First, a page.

Sources on the Commons public administration select committee told PRWeek that the committee would investigate the role played by McBride and other special advisers in Government.
The committee could also attempt to look into Downing Street email records.
One committee source said: ‘There will be an evidence session to look at the role of special advisers. We’d like to do it as soon as possible.’
It is understood that many MPs on the committee are deeply concerned about the role played by McBride and other special advisers – both in Downing Street and in other departments.
McBride’s recent actions were discussed in a meeting of the MPs this week although the committee is yet to decide which advisers to call in for questioning.
‘The McBride stuff happened over recess. There was a conversation about it in the first meeting back and we decided to do something on it,’ said the source. ‘The question is who we get in. Probably not current special advisors because they wouldn’t say anything. It is more likely that we will call in former special advisers.’
Asked about the prospect of looking into Downing Street email records, the source said this was a possibility: ‘It’s not in the realms of the ridiculous. There is a public administration issue about what you write down as opposed to having a conversation about it. For example we recently asked for and obtained the email records about knife crime statistics.’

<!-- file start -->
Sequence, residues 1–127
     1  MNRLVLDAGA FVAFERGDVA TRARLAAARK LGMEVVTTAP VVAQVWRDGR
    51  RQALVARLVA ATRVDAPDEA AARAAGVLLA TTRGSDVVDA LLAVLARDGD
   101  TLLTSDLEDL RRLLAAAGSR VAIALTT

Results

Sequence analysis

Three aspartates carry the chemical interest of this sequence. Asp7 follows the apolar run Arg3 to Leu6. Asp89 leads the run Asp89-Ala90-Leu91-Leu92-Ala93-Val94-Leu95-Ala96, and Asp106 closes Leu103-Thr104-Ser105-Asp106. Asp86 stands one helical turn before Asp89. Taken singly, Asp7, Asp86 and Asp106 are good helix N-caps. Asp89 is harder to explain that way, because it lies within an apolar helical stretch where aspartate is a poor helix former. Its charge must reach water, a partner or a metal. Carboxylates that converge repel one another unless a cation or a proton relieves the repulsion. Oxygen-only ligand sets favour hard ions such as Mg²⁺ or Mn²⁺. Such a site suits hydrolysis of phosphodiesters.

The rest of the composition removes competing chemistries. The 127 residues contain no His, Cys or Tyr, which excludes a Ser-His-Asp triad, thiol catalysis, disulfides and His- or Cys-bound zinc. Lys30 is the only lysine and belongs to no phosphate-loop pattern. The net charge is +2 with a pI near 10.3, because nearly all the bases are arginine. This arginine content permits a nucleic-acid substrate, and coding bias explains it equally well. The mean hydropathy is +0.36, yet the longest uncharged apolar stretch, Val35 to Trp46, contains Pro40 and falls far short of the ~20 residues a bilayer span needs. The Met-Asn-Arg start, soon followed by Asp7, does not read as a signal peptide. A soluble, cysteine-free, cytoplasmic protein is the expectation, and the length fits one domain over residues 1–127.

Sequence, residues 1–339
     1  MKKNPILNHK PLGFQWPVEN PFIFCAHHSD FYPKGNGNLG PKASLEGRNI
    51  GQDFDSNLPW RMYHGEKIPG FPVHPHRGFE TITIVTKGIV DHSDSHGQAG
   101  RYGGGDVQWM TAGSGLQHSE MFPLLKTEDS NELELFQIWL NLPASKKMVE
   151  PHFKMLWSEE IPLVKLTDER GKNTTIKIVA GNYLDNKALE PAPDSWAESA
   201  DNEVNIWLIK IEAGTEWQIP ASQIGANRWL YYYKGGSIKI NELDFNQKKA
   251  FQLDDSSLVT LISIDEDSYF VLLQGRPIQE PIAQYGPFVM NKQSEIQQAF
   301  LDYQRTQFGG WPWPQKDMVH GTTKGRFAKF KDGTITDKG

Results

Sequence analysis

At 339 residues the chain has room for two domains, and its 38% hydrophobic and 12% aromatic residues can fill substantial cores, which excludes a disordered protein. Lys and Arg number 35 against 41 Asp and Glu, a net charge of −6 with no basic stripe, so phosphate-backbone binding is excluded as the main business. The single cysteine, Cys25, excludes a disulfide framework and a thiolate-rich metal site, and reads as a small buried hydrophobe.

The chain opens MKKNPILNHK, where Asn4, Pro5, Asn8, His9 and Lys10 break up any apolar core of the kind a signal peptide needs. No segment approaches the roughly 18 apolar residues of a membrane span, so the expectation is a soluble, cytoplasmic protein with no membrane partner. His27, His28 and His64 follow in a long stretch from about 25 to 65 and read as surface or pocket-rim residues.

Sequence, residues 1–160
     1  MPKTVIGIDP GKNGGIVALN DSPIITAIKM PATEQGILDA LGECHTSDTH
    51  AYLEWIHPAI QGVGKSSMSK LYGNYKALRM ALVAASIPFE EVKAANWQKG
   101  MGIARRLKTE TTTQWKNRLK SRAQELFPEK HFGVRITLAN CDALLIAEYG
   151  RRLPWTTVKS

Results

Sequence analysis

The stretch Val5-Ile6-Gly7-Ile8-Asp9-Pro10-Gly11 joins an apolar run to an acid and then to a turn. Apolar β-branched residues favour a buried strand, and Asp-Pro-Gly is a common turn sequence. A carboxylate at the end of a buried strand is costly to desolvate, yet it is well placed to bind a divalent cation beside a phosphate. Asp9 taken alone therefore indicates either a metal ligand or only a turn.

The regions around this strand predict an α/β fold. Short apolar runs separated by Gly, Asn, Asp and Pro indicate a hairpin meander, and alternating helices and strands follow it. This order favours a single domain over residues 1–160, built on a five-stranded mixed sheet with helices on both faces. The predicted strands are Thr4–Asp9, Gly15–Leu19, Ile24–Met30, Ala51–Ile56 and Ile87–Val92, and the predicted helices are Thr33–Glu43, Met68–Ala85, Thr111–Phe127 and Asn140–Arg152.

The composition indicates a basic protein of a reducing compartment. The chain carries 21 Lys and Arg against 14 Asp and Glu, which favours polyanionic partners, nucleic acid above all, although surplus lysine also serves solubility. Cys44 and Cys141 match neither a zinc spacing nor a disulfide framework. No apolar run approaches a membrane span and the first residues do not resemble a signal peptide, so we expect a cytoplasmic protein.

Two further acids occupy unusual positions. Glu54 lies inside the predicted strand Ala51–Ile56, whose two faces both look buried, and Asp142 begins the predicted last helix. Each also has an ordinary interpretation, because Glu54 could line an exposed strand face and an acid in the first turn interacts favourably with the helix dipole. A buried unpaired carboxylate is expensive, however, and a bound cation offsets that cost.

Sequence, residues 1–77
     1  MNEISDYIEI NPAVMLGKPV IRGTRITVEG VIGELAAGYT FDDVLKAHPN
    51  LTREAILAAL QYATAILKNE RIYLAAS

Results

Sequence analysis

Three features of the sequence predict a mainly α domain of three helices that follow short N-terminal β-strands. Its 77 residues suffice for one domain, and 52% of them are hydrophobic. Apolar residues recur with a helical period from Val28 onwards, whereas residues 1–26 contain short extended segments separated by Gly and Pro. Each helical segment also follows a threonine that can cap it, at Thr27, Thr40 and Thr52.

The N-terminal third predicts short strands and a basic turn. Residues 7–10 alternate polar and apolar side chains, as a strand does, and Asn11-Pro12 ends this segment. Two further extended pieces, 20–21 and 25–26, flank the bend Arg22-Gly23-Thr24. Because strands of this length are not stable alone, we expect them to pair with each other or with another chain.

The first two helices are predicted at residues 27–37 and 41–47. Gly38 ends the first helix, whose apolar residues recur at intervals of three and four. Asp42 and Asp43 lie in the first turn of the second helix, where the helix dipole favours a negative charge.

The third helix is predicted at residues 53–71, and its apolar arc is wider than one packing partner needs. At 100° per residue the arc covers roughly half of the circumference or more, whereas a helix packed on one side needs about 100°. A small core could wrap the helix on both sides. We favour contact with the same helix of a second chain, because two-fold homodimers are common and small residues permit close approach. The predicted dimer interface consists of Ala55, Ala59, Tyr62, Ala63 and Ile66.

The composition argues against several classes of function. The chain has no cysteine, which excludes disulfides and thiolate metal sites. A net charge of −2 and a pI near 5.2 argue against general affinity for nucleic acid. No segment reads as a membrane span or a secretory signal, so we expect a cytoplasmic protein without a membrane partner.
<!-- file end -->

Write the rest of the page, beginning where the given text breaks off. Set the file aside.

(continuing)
The public administration select committee is chaired by Labour MP Tony Wright. A spokesperson for the committee did not deny that it was preparing to look into the role of special advisers.
Downing Street is said to be desperate to stop the committee from pressing ahead with the plans. In particular, Number Ten staff want to stop the select committee from digging into email trails.
A Downing Street insider told PRWeek: ‘Number Ten is still in damage limitation mode, trying to prevent Ed Balls and co from being dragged down with McBride.
'The focus is on managing the remaining loose ends - the fallout from Balls’ Today programme fiasco, handling Guido’s FOI requests and heading off any inquiry by the public administration select committee into email records. The ultimate nightmare is a Hutton-style publication of Number Ten emails.’